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Info compiled by Jack Simmons aka "Trail Nut" and others and was posted on 'Michigan Railroad History web site' and Henry F. Burger

The Toledo, Saginaw & Muskegon was organized in the interest of the Toledo, Ann Arbor & North Michigan Railway.  The railroad was started by a group of Toledo Ohio investors headed by David Robinson Jr. and James Ashley, Jr. who at the time was also building the Toledo, Ann Arbor and North Michigan Railroad, which connected Ashley with Owosso, Michigan.  The investors spent about $1,560,000 to build the line.

The Toledo, Saginaw and Muskegon Railway Company was organized December, 1886, with the following stockholders :J. M. Ashley, Toledo, Ohio;  Win. Baker, Toledo, Ohio, Secretary and Treasurer; Jno. Cummings, Toledo, Ohio ; D. Robinson, Jr., Toledo, Ohio was elected President; E. Middleton, Greenville, Michigan ; L. G. Mason, Muskegon, Michigan.

The railroad was incorporated and filed articles of construction under the laws of Michigan on January 25, 1886 and bonds were issued on July 1, 1888 with a traffic guarantee from the Grand Trunk Railway Co. of Canada.  The Toledo, Saginaw & Muskegon Railroad, line was to run from Muskegon to Saginaw, proposed length 140 miles, with capital stock of $2,800,000.

The general offices of the Company are located at Muskegon, and the following are its present officers : David Robison, Jr., President ; W. V. McCracken, Vice President and General Manager; J. F. Pennington, Secretary; B. F. Reed, Superintendent; J. K. McCracken, Auditor and G. F. and P. Agent.

Construction started in the spring of 1887 building bridges and grading.  Trackwork was started in August 1887 from Ashley westward. The track crews reached Carson City, Michigan on September 24.  In October another crew started laying rail from Egelston and Moorland Townships in Muskegon County eastward.  The first freight train to Greenville over the new line was on November 12 when eleven cars of wheat from Carson City was delivered to E. Middleton & Sons flour mills.  The two track crews met at a location just west of Cedar Springs on Christmas day 1887, finishing the main track the entire 96 miles. The next day a mixed train (carrying freight and passengers) worked the line each way out of Muskegon and Ashley.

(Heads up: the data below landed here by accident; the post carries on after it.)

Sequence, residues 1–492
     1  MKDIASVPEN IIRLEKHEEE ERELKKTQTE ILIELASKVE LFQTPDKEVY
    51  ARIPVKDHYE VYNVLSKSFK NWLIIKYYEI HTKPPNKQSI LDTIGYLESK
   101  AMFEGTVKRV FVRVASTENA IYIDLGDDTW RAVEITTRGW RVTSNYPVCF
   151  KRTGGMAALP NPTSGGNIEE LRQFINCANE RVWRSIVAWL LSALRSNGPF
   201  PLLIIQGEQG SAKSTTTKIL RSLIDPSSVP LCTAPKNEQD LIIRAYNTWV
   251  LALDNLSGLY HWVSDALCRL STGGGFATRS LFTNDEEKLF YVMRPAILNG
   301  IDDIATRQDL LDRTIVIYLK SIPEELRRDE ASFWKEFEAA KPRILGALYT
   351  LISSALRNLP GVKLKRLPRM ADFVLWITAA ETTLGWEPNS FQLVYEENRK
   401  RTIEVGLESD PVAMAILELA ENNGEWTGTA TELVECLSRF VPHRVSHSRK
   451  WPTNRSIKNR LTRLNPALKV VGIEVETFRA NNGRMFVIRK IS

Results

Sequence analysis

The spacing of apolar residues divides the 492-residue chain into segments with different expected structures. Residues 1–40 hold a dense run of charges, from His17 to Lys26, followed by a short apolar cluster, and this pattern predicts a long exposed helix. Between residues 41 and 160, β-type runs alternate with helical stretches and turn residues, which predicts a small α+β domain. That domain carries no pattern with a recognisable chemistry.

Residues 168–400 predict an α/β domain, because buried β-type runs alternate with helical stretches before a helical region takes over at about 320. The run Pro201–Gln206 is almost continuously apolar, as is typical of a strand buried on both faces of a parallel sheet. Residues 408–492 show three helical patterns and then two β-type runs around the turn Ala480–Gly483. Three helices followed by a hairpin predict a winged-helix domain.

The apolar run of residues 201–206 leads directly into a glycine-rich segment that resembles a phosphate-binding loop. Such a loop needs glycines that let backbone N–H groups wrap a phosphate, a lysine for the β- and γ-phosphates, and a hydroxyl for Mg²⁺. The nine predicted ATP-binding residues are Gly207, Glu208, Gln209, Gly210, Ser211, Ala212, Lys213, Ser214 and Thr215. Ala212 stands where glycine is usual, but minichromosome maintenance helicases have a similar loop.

MAPLE RAPIDS DISPATCH Perrinton, April 25, 1887 - The R.R. engineer is here and will lay out the sidetrack and depot grounds, so the contractors can go on and finish their jobs.

June 1, 1887 - The railroad bridge is almost done.  The railroad grade from Pine Creek to Ashley is ready for ties.  The paymaster is expected today and there are lots of men with fingers itching to get hold of the filthy lucre.  Mr. McMorment, employed on the R.R. bridge was seriously hurt yesterday.  The scaffolding on which the men were working gave way and fell to the ground.  This has happened before and it seems a little risky using that kind of scaffolding.  Mr. Putts, formerly station agent at Bannister, has been appointed agent here.  He has purchased a lot, and Phinney & Bullock are to have his dwelling finished by August 1st.

GREENVILLE INDEPENDENT, June 2, 1887 - Steel rails, 3000 tons, have been ordered for the Ashley, Greenville and Muskegon railroad.

MAPLE RAPIDS DISPATCH, Middleton July 8, 1887 - Pres. Robinson, Chief Engineer Smith and Supt. of Construction were in Middleton Wednesday and delivered the conditional notes, and located our depot.  Mr. Robinson expressed himself well pleased with our elevator.

GREENVILLE INDEPENDENT By Hon. C. C. Ellisworth Aug. 4, 1887
The Toledo, Saginaw & Muskegon Railway, a line extending nearly a hundred miles west from Ashley in the county of Gratiot, by way of Carson City, Sheridan, Greenville, Cedar Springs and Sparta to Muskegon city on the lake.  This road is to be completed, and cars running the distance from Ashley to Muskegon, before the first day of January, 1888.  This road is to be laid the whole distance with steel rails, and will be completed from Ashley to Greenville by the middle of September next, and will be a first class railway in all respects.  This gentleman engaged in this enterprise, with David Robinson Jr., of Toledo, Ohio, as president, is a sufficient guarantee that it will be thoroughly constructed and amply equipped.  This road runs through as fine a section of farming country, nearly the whole distance as can be found on any county on the globe.  And it passes through and near large tracts of most excellent timber, such as yellow and white oak, hard and soft maple, beech and basswood, ash and butternut, and some hickory, Birdseye maple and black walnut.  The timber is east and west of our city, within the distance of twenty-five miles, as yet untouched by the woodsman's axe.  With these two roads Toledo, Saginaw and Muskegon (TS&M) and Detroit. Lansing and Detroit (DL&N) in operation alone, with the timber accessible to them, large manufacturing interests will constantly spring into existence in our city.

Pinckney Dispatch September 1, 1887
The Toledo, Saginaw & Muskegon road is to be completed to Muskegon by Nov. 15. The line commences at Ashley, where it connects with the Toledo, Ann Arbor & Northern, and passes through Perrinton, Carson, Vickeryville, Sheridan, Greenville, Cedar Springs and Sparta, the course being almost an air line from Ashley to Muskegon. At At present it will be used as a feeder for the Toledo & Ann Arbor, but the owners expect to extend it eastward across the state to St. Clair or Port Huron during the coming year.